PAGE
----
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Microsoft Sweetens Sour Licensing Scheme

Engineers may still believe that technology sells products, but businessmen and lawyers will tell you otherwise. You need to put the technology in a product, license it and couple it

Engineers may still believe that technology sells products, but businessmen and lawyers will tell you otherwise. You need to put the technology in a product, license it and couple it with a service.

A case in point is Microsoft's Software Assurance (SA) program, to which the vendor has recently added tools, training and support.

Microsoft has been pushing the program for more than a year as an add-on to its Enterprise Subscription Agreement and other volume-licensing programs. SA aims to reduce the costs associated with acquiring new versions of Windows. It entitles you to new software releases as they become available. What's the catch? Cash. For any Microsoft server product, SA costs a quarter of the license price for each year of coverage. For desktop products like Windows XP and Office, it costs 29 percent of the license price. Whether you call this insurance or assurance for software upgrades is a semantic question. Does it work is a better question.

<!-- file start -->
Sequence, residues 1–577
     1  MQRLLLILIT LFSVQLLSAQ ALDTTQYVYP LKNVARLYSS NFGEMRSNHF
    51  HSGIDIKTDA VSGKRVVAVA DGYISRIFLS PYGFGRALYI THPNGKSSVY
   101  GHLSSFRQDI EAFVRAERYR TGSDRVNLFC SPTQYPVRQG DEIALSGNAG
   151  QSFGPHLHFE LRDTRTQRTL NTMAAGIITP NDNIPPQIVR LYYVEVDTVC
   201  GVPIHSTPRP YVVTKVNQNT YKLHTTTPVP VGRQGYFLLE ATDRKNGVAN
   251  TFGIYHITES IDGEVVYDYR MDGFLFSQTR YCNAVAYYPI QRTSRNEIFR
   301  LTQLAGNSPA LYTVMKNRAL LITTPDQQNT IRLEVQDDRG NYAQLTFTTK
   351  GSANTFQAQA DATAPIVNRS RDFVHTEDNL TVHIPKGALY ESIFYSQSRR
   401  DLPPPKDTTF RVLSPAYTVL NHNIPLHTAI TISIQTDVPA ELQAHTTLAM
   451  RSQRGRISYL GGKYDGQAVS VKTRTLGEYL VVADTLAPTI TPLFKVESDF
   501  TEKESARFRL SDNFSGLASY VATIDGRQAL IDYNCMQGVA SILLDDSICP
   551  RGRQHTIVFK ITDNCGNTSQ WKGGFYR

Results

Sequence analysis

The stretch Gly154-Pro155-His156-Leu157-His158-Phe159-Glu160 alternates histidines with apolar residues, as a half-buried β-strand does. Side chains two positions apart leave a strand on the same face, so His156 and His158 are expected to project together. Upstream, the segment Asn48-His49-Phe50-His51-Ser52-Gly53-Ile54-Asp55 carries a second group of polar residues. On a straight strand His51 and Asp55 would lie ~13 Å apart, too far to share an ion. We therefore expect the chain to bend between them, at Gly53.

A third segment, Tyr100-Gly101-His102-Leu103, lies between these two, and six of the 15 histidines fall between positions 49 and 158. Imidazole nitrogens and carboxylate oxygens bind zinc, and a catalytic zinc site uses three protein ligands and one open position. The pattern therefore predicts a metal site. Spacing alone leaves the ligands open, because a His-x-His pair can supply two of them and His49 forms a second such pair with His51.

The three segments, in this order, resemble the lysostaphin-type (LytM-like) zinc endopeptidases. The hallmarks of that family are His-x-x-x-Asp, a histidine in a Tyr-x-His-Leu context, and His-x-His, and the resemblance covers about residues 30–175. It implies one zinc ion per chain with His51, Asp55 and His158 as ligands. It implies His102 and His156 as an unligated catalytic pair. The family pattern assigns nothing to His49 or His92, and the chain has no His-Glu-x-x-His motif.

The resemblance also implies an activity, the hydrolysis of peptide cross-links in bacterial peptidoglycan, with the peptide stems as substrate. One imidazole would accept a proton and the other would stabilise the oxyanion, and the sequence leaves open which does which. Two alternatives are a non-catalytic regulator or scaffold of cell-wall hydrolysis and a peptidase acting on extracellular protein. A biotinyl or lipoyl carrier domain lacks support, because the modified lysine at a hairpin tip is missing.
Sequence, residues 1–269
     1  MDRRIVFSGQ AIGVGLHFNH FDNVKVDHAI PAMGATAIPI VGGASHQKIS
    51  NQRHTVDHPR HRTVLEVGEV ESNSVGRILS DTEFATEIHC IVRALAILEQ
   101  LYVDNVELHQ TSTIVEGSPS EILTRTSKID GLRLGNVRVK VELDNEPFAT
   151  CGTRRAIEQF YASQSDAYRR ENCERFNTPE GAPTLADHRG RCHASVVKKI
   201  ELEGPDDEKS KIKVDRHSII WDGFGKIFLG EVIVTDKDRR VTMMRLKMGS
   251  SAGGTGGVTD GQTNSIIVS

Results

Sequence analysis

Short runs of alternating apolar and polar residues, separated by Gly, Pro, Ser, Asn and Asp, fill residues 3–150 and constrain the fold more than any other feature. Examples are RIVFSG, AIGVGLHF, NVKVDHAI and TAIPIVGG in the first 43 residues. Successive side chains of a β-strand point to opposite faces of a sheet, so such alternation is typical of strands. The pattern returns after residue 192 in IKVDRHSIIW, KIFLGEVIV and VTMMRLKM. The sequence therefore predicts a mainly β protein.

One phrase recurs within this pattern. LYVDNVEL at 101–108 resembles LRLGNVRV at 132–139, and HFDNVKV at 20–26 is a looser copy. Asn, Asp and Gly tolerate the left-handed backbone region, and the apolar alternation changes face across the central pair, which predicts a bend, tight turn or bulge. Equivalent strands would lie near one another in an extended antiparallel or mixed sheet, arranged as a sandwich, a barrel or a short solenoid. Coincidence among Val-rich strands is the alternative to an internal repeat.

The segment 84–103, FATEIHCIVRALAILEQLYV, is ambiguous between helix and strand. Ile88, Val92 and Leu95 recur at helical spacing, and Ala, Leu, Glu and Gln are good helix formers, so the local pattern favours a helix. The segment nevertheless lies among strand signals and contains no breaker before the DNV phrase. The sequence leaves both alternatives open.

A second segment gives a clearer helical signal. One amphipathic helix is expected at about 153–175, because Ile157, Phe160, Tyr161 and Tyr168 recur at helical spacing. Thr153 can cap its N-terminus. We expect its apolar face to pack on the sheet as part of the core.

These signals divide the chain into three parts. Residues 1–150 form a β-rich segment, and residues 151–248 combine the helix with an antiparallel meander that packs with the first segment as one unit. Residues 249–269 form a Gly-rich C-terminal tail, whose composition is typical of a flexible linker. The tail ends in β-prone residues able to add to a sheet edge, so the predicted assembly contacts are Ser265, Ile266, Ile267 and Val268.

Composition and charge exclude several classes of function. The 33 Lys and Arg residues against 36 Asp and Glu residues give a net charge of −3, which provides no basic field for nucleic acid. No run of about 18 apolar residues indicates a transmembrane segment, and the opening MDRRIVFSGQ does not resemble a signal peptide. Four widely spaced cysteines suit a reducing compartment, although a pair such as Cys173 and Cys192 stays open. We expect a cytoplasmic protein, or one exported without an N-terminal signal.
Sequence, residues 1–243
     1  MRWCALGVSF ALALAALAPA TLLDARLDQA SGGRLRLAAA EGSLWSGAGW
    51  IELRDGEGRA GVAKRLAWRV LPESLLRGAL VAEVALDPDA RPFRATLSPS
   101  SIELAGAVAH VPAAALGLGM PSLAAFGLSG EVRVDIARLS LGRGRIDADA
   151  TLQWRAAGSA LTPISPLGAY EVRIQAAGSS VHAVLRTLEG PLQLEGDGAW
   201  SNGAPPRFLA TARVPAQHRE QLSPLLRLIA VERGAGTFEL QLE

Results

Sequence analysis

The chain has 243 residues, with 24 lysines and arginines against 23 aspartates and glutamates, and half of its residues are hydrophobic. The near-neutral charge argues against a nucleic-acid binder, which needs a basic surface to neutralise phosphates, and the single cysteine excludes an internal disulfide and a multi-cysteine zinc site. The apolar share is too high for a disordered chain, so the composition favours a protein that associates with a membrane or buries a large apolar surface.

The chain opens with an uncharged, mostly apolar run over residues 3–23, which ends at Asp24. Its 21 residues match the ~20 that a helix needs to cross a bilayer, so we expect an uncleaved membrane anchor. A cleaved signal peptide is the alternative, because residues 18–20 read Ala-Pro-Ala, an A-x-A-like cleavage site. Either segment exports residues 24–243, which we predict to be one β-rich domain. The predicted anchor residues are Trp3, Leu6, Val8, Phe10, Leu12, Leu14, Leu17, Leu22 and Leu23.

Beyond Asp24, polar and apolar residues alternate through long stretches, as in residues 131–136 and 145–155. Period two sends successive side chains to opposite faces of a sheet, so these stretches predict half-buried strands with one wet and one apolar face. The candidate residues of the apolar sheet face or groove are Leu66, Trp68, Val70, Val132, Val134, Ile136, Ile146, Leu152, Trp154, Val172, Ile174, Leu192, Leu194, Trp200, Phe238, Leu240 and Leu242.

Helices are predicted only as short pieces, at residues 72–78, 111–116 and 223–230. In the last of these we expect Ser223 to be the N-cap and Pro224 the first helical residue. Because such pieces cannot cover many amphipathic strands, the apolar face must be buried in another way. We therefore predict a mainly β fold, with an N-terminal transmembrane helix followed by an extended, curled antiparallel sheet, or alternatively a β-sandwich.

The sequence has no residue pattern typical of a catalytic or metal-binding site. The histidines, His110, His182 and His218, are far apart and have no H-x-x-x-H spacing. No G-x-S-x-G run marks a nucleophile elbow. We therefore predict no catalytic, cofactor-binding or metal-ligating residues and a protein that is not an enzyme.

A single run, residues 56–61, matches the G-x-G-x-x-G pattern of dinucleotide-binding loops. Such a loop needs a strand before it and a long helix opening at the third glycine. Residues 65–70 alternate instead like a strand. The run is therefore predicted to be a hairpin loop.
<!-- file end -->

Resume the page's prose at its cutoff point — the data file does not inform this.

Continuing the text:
At its base, Microsoft's improved SA includes the rights to new versions and e-learning training materials. After that, SA features depend on your volume-license program and whether the product is destined for a server or desktop. SA for servers includes Web-based support. But you need to purchase SA for each of your Client Access Licenses. For large enterprises with multivolume licenses, SA can let you spread payments over annual periods and includes subscriptions to TechNet Plus, telephone support during business hours and access to the Windows Pre-Installation Environment.

These changes reflect the fact that with a license, products take on the characteristics of services. But realize that SA mostly benefits big customers. For smaller companies, licenses are negotiable. If SA makes sense for your enterprise but it does not quite fit your budget or your culture, see if Microsoft is willing to cut a deal. And when you get to the table, know that both your options and the door are open.

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